The Da Vinci Code Review
|Developer: The Collective||Publisher: 2K Games|
|Release Date: May 19, 2006||Also On: PC, PS2 and Xbox|
The biggest movie of 2006 has so far also been the most controversial. The Da Vinci Code, considered heresy by the Catholic Church, has been condemned by Catholics around the country and The Church even put pressure onto Sony to put a warning at the beginning of the movie that it was a work of fiction. Oddly enough, while most of the story is intact, The Da Vinci Code game aims to steer clear of any controversy by changing the names of Opus Dei, among other things. The question I have is why someone would be interested in the game if they have not read the book or watched the movie. It is quite frankly a waste of your time.
If you are not familiar with the book, Opus Dei is the Catholic organization that author Dan Brown portrays as a power-hungry organization sanctioned by The Church, which uses lethal tactics to reach its goals. Its members practice corporal mortification, a sort of self-sacrifice where a metal chain is whipped on your back to inflict pain. I won’t delve too deeply into the story, but it tracks a professor named Robert Langdon who gets rapped up in murder investigation in Paris. He quickly finds himself in pursuit of the Holy Grail.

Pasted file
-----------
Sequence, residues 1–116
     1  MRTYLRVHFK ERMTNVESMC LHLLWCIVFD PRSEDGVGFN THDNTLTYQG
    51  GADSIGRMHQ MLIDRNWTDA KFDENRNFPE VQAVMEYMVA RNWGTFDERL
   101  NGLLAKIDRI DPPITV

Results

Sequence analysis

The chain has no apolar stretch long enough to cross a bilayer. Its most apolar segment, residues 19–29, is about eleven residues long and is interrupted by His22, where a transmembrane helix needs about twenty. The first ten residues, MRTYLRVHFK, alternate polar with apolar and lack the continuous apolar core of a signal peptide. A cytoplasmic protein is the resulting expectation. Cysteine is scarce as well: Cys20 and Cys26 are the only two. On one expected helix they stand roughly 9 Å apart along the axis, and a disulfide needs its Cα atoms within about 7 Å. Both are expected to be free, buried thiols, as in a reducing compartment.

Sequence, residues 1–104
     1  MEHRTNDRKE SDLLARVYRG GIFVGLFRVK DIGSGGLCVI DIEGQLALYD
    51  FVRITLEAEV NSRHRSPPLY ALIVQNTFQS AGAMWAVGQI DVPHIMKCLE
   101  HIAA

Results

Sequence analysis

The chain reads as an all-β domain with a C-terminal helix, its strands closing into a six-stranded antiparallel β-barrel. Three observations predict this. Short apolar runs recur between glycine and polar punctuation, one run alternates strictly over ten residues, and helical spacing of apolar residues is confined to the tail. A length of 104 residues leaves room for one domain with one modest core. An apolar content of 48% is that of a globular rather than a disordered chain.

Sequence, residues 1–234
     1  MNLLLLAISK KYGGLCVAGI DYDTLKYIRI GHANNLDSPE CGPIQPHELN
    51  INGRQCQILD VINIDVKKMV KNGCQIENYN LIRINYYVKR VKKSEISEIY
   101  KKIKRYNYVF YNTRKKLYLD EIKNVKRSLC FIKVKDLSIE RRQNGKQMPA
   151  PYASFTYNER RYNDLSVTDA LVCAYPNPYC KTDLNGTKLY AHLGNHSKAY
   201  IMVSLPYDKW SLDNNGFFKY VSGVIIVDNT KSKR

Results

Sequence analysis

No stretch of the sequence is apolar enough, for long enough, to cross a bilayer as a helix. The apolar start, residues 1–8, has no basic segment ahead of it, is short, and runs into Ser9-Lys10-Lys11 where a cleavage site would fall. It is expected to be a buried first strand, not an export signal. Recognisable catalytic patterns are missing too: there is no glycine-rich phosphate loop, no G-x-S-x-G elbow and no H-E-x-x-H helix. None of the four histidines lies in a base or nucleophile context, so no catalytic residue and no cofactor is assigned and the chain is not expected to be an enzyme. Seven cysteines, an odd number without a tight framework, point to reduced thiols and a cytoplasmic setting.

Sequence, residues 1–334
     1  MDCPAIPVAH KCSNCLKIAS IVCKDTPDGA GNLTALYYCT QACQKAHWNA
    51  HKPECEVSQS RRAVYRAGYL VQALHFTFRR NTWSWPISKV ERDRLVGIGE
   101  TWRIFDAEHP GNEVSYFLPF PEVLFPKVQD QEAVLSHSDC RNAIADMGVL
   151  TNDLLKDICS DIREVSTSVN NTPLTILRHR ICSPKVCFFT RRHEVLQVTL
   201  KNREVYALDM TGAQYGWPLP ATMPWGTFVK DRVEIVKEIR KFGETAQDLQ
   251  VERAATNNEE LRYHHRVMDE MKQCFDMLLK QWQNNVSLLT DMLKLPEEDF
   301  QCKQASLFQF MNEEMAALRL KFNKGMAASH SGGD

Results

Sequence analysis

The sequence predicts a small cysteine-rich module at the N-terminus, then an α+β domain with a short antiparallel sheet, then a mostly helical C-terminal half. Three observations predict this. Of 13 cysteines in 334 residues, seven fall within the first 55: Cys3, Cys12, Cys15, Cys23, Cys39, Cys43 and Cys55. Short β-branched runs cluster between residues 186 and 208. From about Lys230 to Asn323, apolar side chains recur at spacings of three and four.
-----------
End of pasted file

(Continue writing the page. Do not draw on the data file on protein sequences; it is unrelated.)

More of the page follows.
Langdon, whose likeness and voice are not that of Tom Hanks from the film, will travel to numerous locations across France and England, including The Louvre (where you start), Saint-Sulpice cathedral and Westminster Abbey. The strength of the game surrounds the puzzle-solving aspects. There are a nice mix of puzzles to be solved, some requiring intelligent guessing, while others you will have to look for the answers in writings.
While The Da Vinci Code does employ a combat system, it is incredibly weak and only detracts from the experience. You don’t fight people in the traditional sense, but instead will have to go through repetitive button combinations. If you get the combination right, it will trigger a sequence and you’ll need to keep pounding the guy. You also have the option to throw him, which can be useful if you want to just run away. The enemy AI won’t even notice you after you get so far away from him.
All in all, I was a big fan of the book and I liked the movie as well, but the game suffers from poor combat and the occasional instance where you know what to do in a specific room (in one it’s as easy as sliding through a vent), but you have to do something else first to satisfy the game. This game is more annoying than it is fun. It has long load times, dull graphics and none of the voice actors are from the movie. Go out and buy the book instead.
|Replay Value/Game Length:||5|
|Written by Kyle||Review Guide|